The Grammy-winning singer disclosed her ongoing battle with the life-threatening disease in a recent interview, saying she "can't sing a note" anymore
Linda Ronstadt has revealed the tragic news that her singer days are over, as the singer is currently locked in a life-threatening battle with Parkinson's disease. The 67-year-old multi-Grammy Award winner has opened up about her struggle with the degenerative disorder in a recent interview with AARP, saying that the disease has rendered her unable to "sing a note.”
Linda Ronstadt has secretly struggled with the disease for eight years
Although she was only diagnosed eight months ago, Ronstadt told AARP that she first began to exhibit symptoms as far back as eight years ago, when her voice began to noticeably deteriorate. Initially assuming that the disappearance of her singing voice was due to a tick bite; an assumption that she held on to for a number of years before she finally tested herself for the disease, her condition worsened without her noticing. Now the singer has not only lost her voice, but has begun losing control of many of her bodily functions, struggling to walk without assistance from braces or a wheelchair.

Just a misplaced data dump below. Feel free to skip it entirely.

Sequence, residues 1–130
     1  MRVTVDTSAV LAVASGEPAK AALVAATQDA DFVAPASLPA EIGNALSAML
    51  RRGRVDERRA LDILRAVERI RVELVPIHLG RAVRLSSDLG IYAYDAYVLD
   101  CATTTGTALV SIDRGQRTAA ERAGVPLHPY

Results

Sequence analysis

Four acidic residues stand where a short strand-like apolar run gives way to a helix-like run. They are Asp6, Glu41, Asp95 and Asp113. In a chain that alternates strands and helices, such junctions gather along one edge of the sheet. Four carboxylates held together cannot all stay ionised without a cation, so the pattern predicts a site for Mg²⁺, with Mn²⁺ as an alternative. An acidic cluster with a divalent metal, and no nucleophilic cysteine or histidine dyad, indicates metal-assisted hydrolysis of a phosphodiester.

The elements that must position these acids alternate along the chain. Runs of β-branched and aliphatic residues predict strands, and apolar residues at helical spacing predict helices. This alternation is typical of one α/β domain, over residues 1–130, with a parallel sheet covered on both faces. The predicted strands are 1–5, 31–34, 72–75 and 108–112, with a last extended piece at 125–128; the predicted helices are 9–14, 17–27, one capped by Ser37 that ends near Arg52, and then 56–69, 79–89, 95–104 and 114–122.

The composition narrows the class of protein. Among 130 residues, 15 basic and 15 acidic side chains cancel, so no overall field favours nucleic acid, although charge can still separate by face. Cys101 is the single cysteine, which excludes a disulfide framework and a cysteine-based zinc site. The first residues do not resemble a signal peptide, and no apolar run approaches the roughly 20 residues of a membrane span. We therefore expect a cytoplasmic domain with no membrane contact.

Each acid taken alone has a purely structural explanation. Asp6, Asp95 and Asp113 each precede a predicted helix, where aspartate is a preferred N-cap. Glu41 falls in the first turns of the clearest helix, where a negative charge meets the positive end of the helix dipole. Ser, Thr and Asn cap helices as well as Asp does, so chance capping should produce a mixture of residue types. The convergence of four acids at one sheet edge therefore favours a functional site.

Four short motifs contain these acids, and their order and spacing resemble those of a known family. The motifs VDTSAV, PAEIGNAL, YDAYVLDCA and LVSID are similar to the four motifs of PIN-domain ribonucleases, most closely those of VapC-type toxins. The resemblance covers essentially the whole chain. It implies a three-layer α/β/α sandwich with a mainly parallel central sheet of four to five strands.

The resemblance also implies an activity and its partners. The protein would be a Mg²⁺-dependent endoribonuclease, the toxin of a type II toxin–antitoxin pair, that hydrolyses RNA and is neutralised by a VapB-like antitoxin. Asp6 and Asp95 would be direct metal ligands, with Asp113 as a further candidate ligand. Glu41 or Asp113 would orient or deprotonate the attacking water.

“I couldn’t sing,” she said in the interview. “And I couldn’t figure out why. I knew it was mechanical. I knew it had to do with the muscles, but I thought it might have also had something to do with the tick disease that I had. And it didn’t occur to me to go to a neurologist. I think I’ve had it for seven or eight years already, because of the symptoms that I’ve had. Then I had a shoulder operation, so I thought that’s why my hands were trembling."
She was only diagnosed with the disease a few months ago
She added that when she finally visited a neurosurgeon, her diagnosis came as a complete shock, one she never saw coming. The 11-time Grammy winner continued, “No one can sing with Parkinson’s disease. No matter how hard you try.”
Ronstadt chose not to disclose her current battle with disease until now so that she could deal with it in her own pace without the interference of the media. Her upcoming memoirs, Simple Dreams; due to be released on September 17, doesn't mention her ongoing battle either, although the singer was keen to promote her symptoms and how gradually they appeared so that other potential victims can notice the disease quicker than she did. She added, “Parkinson’s is very hard to diagnose, so when I finally went to a neurologist and he said, ‘Oh, you have Parkinson’s disease,’ I was completely shocked. I wouldn’t have suspected that in a million, billion years."
Linda will hopefully be able to manage her disease better now that she finally has a diagnosis